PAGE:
In Wisconsin, An Offline Discussion About Expelled Strategy
Matthew C. Nisbet, Ph.D. is Associate Professor of Communication Studies, Public Policy, and Urban Affairs at Northeastern University. Nisbet studies the role of communication and advocacy in policymaking and public affairs, focusing on debates over over climate change, energy, and sustainability. Among awards and recognition, Nisbet has been a Visiting Shorenstein Fellow on Press, Politics, and Public Policy at Harvard University's Kennedy School of Government, a Health Policy Investigator at the Robert Wood Johnson Foundation, and a Google Science Communication Fellow. In 2011, the editors at the journal Nature recommended Nisbet's research as “essential reading for anyone with a passing interest in the climate change debate,” and the New Republic highlighted his work as a “fascinating dissection of the shortcomings of climate activism."
You don't have to be a social scientist to recognize that the distribution of opinion among people who comment at Scienceblogs is very different from the perspective found among the wider science community and even among leaders in the atheist movement. The reality of this perceptual gap was reinforced for me over the last two days as I gave the latest round of Framing Science talks at the University of Wisconsin-Eau Claire. At the two campus presentations, roughly 150 faculty and students turned out to share in a very thoughtful and inspiring discussion about new directions in science communication. In each lecture, I ended by discussing Expelled along with last week's debate over how to effectively counter the film's PR campaign. The science faculty I spoke with, many of them atheists, appeared to be in strong agreement that continuing to feed the conflict frame only helps market the film.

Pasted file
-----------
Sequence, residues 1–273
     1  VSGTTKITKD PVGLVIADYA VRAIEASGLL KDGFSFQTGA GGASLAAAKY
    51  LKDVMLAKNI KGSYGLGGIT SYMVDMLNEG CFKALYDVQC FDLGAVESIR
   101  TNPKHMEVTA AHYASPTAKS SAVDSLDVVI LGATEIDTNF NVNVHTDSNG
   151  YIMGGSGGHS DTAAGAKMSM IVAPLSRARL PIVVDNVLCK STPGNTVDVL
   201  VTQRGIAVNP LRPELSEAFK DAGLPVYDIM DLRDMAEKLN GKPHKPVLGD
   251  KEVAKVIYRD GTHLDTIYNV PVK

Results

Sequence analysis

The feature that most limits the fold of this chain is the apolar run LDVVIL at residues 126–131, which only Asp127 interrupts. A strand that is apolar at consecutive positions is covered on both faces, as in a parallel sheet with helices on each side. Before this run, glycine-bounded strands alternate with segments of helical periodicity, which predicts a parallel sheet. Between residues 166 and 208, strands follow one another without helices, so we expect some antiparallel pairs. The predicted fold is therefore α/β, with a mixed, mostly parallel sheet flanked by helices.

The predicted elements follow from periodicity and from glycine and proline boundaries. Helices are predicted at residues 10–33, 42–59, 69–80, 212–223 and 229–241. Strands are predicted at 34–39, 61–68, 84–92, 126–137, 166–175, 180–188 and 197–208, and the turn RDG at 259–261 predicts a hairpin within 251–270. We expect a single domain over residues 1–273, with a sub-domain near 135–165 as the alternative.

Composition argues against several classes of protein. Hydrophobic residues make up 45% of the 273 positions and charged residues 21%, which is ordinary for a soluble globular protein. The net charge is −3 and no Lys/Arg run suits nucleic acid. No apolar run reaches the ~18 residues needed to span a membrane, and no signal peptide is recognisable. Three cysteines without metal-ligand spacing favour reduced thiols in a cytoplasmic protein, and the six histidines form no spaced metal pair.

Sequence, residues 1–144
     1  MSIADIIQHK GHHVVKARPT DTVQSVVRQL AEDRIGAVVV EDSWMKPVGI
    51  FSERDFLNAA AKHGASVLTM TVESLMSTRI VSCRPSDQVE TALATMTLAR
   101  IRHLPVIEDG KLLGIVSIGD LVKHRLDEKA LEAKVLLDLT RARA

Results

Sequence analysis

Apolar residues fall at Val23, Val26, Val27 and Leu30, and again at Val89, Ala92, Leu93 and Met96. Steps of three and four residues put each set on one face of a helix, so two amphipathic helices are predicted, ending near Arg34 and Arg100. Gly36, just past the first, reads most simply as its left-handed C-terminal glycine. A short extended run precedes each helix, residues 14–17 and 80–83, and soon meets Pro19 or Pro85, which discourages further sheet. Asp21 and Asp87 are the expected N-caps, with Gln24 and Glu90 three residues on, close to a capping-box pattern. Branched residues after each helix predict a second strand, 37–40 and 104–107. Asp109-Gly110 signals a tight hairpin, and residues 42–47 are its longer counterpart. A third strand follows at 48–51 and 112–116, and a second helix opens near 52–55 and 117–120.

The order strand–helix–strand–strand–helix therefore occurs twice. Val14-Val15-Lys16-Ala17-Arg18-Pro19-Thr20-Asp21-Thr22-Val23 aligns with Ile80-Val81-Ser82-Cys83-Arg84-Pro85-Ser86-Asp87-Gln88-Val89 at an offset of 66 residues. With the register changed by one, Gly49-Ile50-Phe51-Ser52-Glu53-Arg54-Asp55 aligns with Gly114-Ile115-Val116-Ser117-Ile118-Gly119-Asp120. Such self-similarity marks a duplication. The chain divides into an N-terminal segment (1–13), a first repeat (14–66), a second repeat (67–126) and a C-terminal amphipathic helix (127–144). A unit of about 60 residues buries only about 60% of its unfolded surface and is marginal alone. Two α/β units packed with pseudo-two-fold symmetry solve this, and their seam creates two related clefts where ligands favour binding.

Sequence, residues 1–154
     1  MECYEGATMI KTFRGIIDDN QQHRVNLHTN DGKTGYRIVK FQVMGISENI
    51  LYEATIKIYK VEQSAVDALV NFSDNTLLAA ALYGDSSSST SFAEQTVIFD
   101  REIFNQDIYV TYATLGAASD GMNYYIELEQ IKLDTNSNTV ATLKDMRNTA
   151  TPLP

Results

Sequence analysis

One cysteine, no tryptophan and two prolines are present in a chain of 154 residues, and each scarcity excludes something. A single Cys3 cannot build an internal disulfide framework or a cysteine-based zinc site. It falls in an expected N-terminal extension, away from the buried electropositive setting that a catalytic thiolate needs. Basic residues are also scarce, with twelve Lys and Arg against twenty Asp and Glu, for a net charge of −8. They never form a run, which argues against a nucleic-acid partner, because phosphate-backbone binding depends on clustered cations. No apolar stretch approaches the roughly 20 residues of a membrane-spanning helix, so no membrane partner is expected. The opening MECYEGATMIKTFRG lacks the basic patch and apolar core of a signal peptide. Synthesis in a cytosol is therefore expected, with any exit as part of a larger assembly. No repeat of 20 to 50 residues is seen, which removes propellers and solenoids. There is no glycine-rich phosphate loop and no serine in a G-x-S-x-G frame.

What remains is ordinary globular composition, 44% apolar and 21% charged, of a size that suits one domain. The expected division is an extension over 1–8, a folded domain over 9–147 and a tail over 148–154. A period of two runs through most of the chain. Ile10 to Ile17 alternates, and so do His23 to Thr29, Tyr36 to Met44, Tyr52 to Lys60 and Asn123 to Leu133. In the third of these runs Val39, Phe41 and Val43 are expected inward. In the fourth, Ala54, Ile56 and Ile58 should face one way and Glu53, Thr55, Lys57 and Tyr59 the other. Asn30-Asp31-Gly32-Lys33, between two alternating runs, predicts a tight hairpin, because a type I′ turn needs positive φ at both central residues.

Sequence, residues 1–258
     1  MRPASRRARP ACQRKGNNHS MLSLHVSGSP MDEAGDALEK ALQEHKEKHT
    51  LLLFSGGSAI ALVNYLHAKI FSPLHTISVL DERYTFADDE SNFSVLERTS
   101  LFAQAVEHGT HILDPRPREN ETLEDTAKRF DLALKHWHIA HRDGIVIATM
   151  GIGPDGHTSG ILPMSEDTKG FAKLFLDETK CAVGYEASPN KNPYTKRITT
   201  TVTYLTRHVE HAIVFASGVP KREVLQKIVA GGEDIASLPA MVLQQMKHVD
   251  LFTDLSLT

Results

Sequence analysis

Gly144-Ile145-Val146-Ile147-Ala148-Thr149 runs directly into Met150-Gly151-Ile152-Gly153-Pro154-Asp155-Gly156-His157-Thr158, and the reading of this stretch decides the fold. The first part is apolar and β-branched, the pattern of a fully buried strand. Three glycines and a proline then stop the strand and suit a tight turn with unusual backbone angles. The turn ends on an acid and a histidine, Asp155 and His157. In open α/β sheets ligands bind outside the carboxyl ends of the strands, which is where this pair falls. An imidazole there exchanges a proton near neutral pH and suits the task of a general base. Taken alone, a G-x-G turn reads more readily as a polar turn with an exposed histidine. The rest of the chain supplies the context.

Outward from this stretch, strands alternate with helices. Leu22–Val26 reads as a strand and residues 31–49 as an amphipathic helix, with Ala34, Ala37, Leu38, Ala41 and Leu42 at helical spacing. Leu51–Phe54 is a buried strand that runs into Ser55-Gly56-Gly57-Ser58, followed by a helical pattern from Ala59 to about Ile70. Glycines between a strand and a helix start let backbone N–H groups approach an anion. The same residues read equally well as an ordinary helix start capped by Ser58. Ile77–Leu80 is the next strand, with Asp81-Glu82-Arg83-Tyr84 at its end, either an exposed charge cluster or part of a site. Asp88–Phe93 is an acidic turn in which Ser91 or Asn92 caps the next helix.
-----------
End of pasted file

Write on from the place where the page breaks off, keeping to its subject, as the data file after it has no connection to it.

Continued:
Lesson: Don't Be a Dodo
I had a wonderful time visiting the university and I need to especially thank Professor Paul Thomas and the Physics, Geology, Geography, and English faculty for their hospitality. I also had breakfast and several great conversations with UW professor Ruth Cronje, who just two weeks ago published a letter at Science elaborating on the arguments we presented in last year's Policy Forum essay.
I am down in Madison until tomorrow, catching up with several friends and colleagues (blogging right now from Espresso Royale on State Street). On Monday, I will be at Princeton University's Woodrow Wilson School to give a lunchtime talk, where again Expelled strategy is sure to be part of the discussion. Meanwhile, PZ has generated another cheerleading moment for his blog readers. A mysterious viral video has also appeared. Sadly, the Expelled producers must be very pleased with the massive amount of online buzz about their film. I will likely have more to say about these events at the talk at Princeton and in blog posts next week.
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